Saving supports just about every other financial task and decision your child later learns. How much your child should save isn’t clearcut. To decide what is best for your child, approach saving with a few considerations in mind.
The 10 Percent Rule
The general rule for saving is that a person should put at least 10 percent of their income away. Most financial experts accept this rule of thumb but point out that it is extremely general. For example, if a person starts saving very early, then he has time to build up a bigger pot of money for later and 10 percent might be generous. If a person starts out saving late in life, however, he might need to save more than 10 percent in order to cover expenses. Your child might not be saving for retirement, per se, but he might have other time constraints that affect the 10 percent minimum. If he wants to buy a new video game in a month, for instance, he’ll need to put more of his money toward savings than if he wants to buy the game in a year. This is one reason why goal setting with money is so important for kids.
Inflation and Supply and Demand
Inflation is a small but steady increase in the cost of goods over time. It means that things your child wants or needs will be more expensive in the future. One of the most often cited examples is the cost of college education, which is predicted to exceed $300,000 within the next 20 years. If your child is planning to purchase something a few years down the road, he’ll need to save more than what the item currently costs.
Of course, the basic rules of supply and demand come into play. A good example is technologically-based items, such as televisions or laptops. In this industry, advancements are a nearly everyday affair, with items being virtually obsolete the moment they come onto the market. The price of older models quickly comes down as new models become available and more desirable. If your child wants to save for something that generally decreases in value over time, he might be able to worry less about inflation, assuming he’s fine with not having the latest version of the item.
Uncertainty of Events and Other Income Sources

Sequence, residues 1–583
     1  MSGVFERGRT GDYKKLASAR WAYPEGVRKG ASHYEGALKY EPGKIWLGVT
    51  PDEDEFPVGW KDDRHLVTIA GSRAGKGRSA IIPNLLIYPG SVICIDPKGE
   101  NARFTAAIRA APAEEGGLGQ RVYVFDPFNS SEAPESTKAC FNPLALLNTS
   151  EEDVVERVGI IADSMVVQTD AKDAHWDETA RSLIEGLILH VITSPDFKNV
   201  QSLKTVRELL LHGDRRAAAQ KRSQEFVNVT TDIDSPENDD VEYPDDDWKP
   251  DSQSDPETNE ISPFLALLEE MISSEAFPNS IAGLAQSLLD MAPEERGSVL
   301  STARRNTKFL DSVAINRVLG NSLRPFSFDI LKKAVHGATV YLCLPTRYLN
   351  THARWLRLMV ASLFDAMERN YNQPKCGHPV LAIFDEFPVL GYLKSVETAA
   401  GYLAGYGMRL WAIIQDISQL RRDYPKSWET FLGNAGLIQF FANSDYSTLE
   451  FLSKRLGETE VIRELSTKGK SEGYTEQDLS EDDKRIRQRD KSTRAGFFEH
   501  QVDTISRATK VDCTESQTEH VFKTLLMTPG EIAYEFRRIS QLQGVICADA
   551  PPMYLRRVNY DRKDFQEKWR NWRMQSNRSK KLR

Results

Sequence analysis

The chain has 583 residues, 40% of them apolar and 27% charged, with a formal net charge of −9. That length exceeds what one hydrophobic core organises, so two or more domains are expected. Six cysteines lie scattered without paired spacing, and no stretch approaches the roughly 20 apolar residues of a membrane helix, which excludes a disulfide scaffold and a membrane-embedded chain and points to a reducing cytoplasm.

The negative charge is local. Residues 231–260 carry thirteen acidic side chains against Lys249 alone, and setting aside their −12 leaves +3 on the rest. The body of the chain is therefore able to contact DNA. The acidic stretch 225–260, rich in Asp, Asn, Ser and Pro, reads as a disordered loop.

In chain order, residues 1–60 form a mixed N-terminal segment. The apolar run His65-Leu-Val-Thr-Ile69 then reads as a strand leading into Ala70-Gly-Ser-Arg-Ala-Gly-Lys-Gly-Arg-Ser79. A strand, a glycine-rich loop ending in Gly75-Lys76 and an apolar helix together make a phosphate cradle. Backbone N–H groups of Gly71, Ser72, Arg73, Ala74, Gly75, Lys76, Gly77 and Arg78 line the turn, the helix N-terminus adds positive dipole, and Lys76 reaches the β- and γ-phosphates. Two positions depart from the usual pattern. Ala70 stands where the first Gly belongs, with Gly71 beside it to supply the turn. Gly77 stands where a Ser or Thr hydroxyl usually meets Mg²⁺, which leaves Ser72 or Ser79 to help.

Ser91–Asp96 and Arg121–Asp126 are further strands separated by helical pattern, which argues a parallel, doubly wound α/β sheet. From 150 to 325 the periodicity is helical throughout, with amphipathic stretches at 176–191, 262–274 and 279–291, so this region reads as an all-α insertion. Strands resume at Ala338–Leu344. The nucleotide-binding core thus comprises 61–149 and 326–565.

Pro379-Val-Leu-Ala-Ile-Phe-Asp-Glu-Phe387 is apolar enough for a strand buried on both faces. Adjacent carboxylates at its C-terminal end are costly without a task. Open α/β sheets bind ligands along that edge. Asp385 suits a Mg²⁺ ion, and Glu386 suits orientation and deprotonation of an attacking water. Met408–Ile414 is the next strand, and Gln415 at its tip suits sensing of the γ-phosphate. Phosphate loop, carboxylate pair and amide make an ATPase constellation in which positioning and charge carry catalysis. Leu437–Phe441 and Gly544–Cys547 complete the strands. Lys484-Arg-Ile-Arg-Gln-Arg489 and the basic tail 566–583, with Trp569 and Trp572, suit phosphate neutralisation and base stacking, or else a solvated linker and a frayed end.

The fact that even the best laid plans can be thrown off generally means your child should save to accommodate unforeseen events. For example, what if he broke Aunt Jane’s favorite vase and needed to replace it? Would his savings cover the cost of an unexpected college fee? Setting aside a few extra dollars a week might take care of these “rainy day” events and keep your child on a straighter financial path. In the same way, people tend to budget based on their current circumstances. This isn’t necessarily good because circumstances almost always change over time. Your child might have a babysitting job now, for instance, but will he still be able to babysit a few months down the road? A parallel for this for you would be Social Security, the stability of which legislators have debated hotly. Encourage your child to save as though he needs to resort to a “Plan B”, just in case.
One way some parents encourage their children to save is to match whatever funds their child is able to put away. This certainly works for some families, but it also means that your child’s savings grow much more quickly than if he didn’t have you making matching contributions. Your child might not need to save as much to meet a financial goal if you’re helping him out.
Your Child’s Age
In general, the amount of money a child needs increases as they get older. For instance, a 5-year-old kid’s biggest financial responsibility might be her school lunch money, whereas a teen might need to cover the cost of a cell phone, some of their clothes and insurance for a vehicle. Subsequently, it can be a good idea to increase the percentage your child saves as they develop and their responsibilities grow.